Charles Cross

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Cross has plenty of pass-protection experience playing for Air Raid guru Mike Leach at Mississippi State.

Trevor Penning, Northern Iowa — 6-foot-7, 325 pounds

“Mean.” That’s the word that first comes to mind when dissecting Penning’s play. He looks like he wants to hurt people when he’s on the field. Even at the Senior Bowl, where he was named the top offensive lineman for the National team by opposing defenders. 

“Freak” is the other word that comes to mind with Penning. He ran a ridiculous 4.89-second 40-yard dash to go along with a 7.25-second three-cone drill at this year’s NFL Combine. Like Northern Iowa’s Spencer Brown, who was drafted in the third round last year by the Bills and ended up starting in Buffalo, Penning is a rare mover. He also has enough size (34-inch arms) to be molded into a rough-and-tumble starter quickly.

 

Penning’s demeanor, athleticism and length are plenty for the Patriots to work with, and he may be there for them at No. 21 overall if they’re interested.

Bernhard Raimann, Central Michigan — 6-foot-6, 303 pounds

Raimann could be Bill Belichick’s new Sebastian Vollmer, only an Austrian version. Still relatively new to the game, Raimann began his playing career as a 240-pound tight end. Now he looks the part of a blindside protector, and he’s widely considered one of the best tackles in the class.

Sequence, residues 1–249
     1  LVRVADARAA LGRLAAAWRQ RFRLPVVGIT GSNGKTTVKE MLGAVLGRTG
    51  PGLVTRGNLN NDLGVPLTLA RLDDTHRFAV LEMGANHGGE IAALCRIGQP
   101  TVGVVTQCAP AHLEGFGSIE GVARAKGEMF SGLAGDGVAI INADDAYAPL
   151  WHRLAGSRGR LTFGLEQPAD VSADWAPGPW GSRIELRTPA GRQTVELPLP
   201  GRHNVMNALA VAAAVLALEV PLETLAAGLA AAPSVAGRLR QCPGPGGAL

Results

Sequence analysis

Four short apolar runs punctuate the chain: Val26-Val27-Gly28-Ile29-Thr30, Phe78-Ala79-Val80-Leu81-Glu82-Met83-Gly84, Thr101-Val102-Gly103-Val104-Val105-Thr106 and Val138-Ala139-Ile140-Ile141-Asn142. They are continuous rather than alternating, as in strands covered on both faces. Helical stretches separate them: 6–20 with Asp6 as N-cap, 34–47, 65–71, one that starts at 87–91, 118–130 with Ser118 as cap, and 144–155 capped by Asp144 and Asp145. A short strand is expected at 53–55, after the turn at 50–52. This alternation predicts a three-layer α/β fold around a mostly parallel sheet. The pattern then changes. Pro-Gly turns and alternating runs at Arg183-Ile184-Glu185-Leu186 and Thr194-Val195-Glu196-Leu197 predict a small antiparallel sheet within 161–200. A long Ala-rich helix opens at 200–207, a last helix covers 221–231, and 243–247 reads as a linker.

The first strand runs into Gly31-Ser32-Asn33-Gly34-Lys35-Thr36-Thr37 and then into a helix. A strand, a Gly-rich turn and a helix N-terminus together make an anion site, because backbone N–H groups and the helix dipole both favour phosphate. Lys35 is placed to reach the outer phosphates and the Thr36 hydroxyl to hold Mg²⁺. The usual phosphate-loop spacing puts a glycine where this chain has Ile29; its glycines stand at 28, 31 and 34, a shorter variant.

His explosiveness is almost off the charts with a 9-9 broad jump (98th percentile), a 4.49 short shuttle (92nd) and a 5.05-second 40 (81st). He also posted 30 reps of 225 pounds on the bench (89th percentile).

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Though he had his ups and downs at this year’s Senior Bowl, the Patriots won’t have to worry about Raimann’s work ethic. He graduated from Central Michigan with a 3.8 GPA, with an actuarial science and statistics double major and a mathematics minor. He entered into an accelerated program for a master’s degree in applied statistics and analytics, according to the Associated Press.

He’s already a mauling run-blocker, which the Patriots will like on the right side. And with some coaching, he’s athletic enough to find his way as a high-end pass-protector. Quickly.

Tyler Smith, Tulsa — 6-foot-5, 324 pounds

Smith isn’t the most athletic player to land on this list, but there aren’t many humans his size (he also has 34-inch arms and almost 11-inch hands) who have the kind of athleticism Smith does. His 40 time (5.02 seconds) and 10-yard split (1.71 seconds) both rank in the 90th percentile of offensive linemen at the combine over the last couple of decades.

Plus, Smith would fit right into the Patriots offense. Want to get downhill in the running game, as New England does? So does Smith, who seems to enjoy the violence that comes along with driving opponents down the field in the running game.

Some project a move to guard would be beneficial for him, but with his physical gifts he has the potential to be an impact player at tackle.

Chris Paul, Tulsa — 6-foot-4, 323 pounds

Smart… Tough… Athletic enough. That’s what Dante Scarnecchia always wanted in his offensive linemen. That’s what it looks like Paul, Smith’s teammate, is.